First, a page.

CHICAGO - A rampage of three Roger Pogoy 3s evaporated a once-mighty 18-point Ginebra lead into a shaky 88-85 cushion with 2:50 to go in Game Four of the PBA Finals.
It was a stuff of legend.
It was also magical in a way that the long distance fireworks distracted us from the view that TNT hasn't really been shooting the ball well in this championship series.
In losing Game Four, 98-88, to fall behind 3-1, Tropang Giga missed 52 of 87 shots (40 percent) and sank just 10 of 37 treys (27 percent).
Even in their 21-point blowout win in Game Three, TNT went only 36-of-84 from the field and 13-of-43 from deep.
That's a ton of shooting. But it's dull, not sharp.
Look, Ginebra will never be accused of being the Golden State Warriors, but the Gin Kings are efficient, more prudent with their shot selection. And that was the difference in Game Four where they cashed 12 of 25 from 3 and 37 of 77 shots overall.
Unlike TNT's offense, which has been sustained heavily by an unlimited all-you-can-fire buffet of 3s, Ginebra's attack makes a conscious effort to aggressively penetrate the paint first before kicking it out as a second option.
This often resulted in high percentage shots and "good misses," or wide-open looks that just didn't drop, so unlike TNT which was clunking contested 2s and hurried 3s.
Knocking down 3s is a cool highlight reel. But the numbers don't lie. In the long run, when firing the ball from 22 feet and beyond, the percentages will knock you out.
So when the Tropang Giga were dragged into the mud of yet another hairy finish, they were already wounded. L.A. Tenorio just happened to be in the vicinity and promptly stabbed TNT with a pair of dagger 3s to end the misery.
TNT HAS A VALIANT TROY ROSARIO, WHO FINISHED WITH 16 POINTS AND NINE REBOUNDS.
But when Tenorio is at his brutal best, TNT has no prayer.
Poy Erram is a beast who flexed with 19 points and 16 rebounds in a losing effort, but when Japeth Aguilar brings his A-game, Ginebra roars to a different gear.
In pushing Ginebra to a game away from the Philippine Cup title, Tenorio and Aguilar combined for 44 points, 11 rebounds, six assists and two steals.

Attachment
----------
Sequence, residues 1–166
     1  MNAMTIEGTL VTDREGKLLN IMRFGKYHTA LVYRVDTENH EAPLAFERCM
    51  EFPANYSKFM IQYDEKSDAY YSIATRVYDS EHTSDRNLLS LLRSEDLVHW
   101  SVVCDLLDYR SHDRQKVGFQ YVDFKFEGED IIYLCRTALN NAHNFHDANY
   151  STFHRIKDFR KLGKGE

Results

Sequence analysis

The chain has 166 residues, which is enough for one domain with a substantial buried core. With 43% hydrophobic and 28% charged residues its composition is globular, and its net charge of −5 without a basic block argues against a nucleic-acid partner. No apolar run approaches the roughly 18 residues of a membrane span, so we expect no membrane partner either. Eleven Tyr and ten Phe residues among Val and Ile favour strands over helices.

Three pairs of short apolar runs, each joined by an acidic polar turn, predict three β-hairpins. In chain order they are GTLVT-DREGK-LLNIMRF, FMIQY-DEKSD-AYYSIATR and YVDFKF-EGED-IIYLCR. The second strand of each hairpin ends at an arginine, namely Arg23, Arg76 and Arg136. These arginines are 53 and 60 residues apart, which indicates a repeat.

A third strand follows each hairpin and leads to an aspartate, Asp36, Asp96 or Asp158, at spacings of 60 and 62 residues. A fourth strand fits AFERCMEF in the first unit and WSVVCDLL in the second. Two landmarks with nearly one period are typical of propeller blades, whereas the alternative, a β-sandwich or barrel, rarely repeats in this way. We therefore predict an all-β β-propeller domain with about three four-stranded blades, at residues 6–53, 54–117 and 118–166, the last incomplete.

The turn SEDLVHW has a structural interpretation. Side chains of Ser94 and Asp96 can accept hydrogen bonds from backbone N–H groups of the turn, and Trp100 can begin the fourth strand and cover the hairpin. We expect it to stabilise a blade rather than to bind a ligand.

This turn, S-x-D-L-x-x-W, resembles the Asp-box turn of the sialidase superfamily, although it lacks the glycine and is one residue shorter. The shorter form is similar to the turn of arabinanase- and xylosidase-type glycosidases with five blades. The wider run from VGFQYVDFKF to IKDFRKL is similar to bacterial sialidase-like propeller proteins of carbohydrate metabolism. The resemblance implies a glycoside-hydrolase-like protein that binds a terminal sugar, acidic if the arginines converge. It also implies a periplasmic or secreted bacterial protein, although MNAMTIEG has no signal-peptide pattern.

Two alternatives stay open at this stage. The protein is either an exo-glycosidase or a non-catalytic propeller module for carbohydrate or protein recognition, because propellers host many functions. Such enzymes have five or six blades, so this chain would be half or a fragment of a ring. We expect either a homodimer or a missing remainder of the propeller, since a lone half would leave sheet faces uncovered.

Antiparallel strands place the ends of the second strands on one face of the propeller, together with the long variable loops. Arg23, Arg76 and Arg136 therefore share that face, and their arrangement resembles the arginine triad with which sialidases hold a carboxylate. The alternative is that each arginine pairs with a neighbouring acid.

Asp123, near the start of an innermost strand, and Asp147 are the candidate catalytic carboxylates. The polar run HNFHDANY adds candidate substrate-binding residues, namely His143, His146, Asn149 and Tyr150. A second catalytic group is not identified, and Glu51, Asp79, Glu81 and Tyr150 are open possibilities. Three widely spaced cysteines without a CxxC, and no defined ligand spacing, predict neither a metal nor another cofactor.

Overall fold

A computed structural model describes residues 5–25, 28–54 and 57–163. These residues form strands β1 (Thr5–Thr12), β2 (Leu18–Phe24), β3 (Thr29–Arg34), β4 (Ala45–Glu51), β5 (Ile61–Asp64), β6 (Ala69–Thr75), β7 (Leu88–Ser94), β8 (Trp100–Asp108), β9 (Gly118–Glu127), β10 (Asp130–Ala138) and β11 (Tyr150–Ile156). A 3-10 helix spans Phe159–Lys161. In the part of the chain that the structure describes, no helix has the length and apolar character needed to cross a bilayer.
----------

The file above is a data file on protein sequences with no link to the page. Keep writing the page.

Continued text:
More importantly, they made 17 of their 28 combined 28 field goals. Now, that shooting is sharp, not dull.
I've never seen a more dangerous, cold-blooded pair of gunslingers since Butch Cassidy and the Sundance Kid.
And while the small-big 1-2 punch deservedly gets the starring role, this latest Ginebra production was a team effort soaked with unsung heroes.
Early in the series, Joe Devance was calcifying on the bench but when called upon by coach Tim Cone, the No. 1 overall pick in the 2007 draft delivered like Fed-Ex.
Affectionately called JDV, he was 37 and grinding, and chipping in a valuable eight points and 10 rebounds while using his frame as a "No Entry" sign for TNT's lane penetrators.
Scottie Thompson had a benign 11 points. But he laced it with 11 rebounds and nine assists. This kid with American roots is a Swiss army knife.
Ginebra has so many weapons. TNT has so many issues.
As bleak as Sunday night was for the Tropang Giga, the promise of Monday was even darker.
Held to just two points and two assists, Jayson Castro limped out of Game Four after just 17 minutes and 35 seconds of action.
I'm a columnist, not a doctor, so I'm not going to diagnose what ails him.
But here's what my eyes told me. He's not the same. His movement is slow, the lift low. Ginebra's defense can now see The Blur coming a mile away.
TNT enters Game Five potentially without their best playmaker in Castro and their best scorer, Bobby Ray Parks.
And to Tim Cone, this much I can say.